Computer fits inside living cell

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A team of Stanford University engineers has put a simple computer inside a living cell, where it could detect disease, warn of toxic threats and, where danger lurked, self-destruct rogue cells.

The achievement, announced in Friday’s issue of the journal Science, takes us to a new frontier, where nature is being programmed to deliver information long-concealed in human bodies.

“We’re going to be able to put computers inside any living cell you want,” said lead researcher Drew Endy of Stanford’s School of Engineering. “Any place you want a little bit of logic, a little bit of computation, a little bit of memory — we’re going to be able to do that.”

The creation completes 10 years of work to build the biological computer. It is the latest step in the new field of synthetic biology where — one gene at a time — engineers strive to design organisms unlike anything made by Mother Nature.

These tiny computers could deliver yes or no answers to virtually any biological question that might be posed within a cell. For instance: Is toxic mercury present in our food? Scientists could introduce a detective “sentinel” organism to find out.

The internal computers could communicate by engineering cells to change. The “simplest way is to have the cells change their smell or color,” Endy said.

These cellular computers also can count, providing a useful tool when treating diseases like cancer, in which cells divide uncontrollably. Suppose a liver cell carries a computer that records how many times it divides. Once the counter hits 500, for example, the cell could be programmed to die.

Endy’s work “clearly demonstrates the power of synthetic biology and could revolutionize how we compute in the future,” said University of California-Berkeley biochemical engineer Jay Keasling, director of the Synthetic Biology Engineering Research Center, which helped support the Stanford research.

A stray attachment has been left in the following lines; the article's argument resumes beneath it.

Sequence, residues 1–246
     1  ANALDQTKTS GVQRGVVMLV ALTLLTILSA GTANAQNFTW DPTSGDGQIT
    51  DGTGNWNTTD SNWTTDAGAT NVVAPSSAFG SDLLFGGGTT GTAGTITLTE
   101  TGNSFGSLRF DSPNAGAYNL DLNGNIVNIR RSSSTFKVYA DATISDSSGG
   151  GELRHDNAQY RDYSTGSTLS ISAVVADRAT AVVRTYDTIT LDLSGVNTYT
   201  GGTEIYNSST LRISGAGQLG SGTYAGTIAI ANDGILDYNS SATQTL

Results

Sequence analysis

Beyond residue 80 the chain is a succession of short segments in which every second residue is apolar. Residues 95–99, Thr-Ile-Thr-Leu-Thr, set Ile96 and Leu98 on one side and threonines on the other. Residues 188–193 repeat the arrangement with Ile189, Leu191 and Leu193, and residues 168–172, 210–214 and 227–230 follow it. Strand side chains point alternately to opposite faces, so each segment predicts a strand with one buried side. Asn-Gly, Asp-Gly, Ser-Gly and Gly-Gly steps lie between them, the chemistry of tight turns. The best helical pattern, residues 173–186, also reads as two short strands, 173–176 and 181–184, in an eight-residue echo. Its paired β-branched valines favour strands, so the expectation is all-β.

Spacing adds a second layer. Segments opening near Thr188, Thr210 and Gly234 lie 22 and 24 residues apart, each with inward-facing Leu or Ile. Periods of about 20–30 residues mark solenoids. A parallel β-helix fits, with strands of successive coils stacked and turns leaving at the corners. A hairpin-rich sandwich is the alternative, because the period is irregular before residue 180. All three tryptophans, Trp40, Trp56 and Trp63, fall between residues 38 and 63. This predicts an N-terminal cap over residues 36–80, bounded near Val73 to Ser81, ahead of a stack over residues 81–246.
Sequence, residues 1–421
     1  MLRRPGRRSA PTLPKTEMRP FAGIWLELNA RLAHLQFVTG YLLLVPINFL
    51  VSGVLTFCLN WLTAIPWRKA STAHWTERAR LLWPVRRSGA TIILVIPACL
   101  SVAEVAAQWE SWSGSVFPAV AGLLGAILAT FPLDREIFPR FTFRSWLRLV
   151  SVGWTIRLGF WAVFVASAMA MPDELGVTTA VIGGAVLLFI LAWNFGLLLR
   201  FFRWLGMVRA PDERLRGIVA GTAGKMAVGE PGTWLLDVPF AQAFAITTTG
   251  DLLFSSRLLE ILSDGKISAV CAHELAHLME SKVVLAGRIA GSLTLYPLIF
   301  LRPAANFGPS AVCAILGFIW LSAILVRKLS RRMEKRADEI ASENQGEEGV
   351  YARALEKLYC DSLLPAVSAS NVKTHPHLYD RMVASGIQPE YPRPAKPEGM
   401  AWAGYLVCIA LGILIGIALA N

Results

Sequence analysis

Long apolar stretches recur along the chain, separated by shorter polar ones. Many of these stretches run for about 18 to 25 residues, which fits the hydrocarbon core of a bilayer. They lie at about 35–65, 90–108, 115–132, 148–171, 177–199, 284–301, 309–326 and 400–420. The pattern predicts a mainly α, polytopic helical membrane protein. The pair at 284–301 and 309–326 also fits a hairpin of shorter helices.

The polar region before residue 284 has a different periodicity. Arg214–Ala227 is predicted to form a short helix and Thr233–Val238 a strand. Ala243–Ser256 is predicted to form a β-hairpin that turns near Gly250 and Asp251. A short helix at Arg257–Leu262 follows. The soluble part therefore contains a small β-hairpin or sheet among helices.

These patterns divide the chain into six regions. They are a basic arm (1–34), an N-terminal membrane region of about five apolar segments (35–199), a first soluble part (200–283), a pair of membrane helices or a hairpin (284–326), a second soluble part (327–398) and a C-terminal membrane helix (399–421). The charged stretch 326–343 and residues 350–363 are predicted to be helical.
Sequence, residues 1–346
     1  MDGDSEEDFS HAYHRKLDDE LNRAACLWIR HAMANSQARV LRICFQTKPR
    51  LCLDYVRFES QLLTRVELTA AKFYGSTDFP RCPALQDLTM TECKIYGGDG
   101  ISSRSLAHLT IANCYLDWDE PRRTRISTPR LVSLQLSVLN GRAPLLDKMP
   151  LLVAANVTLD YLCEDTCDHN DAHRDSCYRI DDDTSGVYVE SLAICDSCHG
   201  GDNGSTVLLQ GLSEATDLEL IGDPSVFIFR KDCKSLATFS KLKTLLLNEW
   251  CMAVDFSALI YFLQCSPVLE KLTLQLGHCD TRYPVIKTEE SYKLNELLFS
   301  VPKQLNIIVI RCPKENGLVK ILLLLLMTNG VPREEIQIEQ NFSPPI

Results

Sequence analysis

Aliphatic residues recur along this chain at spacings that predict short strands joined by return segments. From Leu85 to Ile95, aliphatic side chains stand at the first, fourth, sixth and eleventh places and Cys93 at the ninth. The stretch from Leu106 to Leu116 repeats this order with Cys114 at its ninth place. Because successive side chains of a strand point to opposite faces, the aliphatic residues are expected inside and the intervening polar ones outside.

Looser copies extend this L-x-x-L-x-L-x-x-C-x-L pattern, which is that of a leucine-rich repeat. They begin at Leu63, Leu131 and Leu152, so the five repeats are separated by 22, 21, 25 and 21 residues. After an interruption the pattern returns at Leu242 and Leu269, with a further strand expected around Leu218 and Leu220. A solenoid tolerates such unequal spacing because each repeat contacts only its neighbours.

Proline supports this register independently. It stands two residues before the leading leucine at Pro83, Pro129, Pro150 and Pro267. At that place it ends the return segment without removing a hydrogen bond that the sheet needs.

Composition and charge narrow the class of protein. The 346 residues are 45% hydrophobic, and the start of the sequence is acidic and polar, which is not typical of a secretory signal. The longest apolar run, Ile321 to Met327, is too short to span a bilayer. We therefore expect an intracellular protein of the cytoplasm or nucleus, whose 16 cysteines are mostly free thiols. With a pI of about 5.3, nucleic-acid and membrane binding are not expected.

Conceptually, it’s like electronics, in which a transistor controls the flow of electrons along a circuit.

But biology is the basis for what the team calls a “transcriptor,” which controls the flow of an important protein as it travels along a strand of DNA.

Transcriptors are a biological version of electrical engineers’ “logic gates” — the building blocks of digital circuits that send and receive signals.

Endy, recruited to Stanford from the Massachusetts Institute of Technology, is a builder — a civil engineer who started with boyhood Erector sets and Legos, and later working on bridge repair projects for Amtrak.

Now he’s building with the stuff of life to use it as a technology platform.

“Biology is not just a science of discovery, but also a technology for making things,” he said. “We’re not going to replace the silicon computers. We’re not going to replace your phone or your laptop. But we’re going to get computing working in places where silicon would never work.”

Last year, the Stanford team delivered two other core components of their computer. The first was a type of rewritable digital data storage within DNA. Information can be stored inside cells by flipping DNA sequences back and forth between two possible orientations to represent and store “0” and “1” that represent one “bit” of computer data.

The other was a mechanism for transmitting genetic data from cell to cell.

Researchers who learned of the work ahead of publication are already using the gates to reprogram metabolism, Endy said.

These new biological computers will be slow, Endy said. “But they’ll work in places where we don’t have computing now.”

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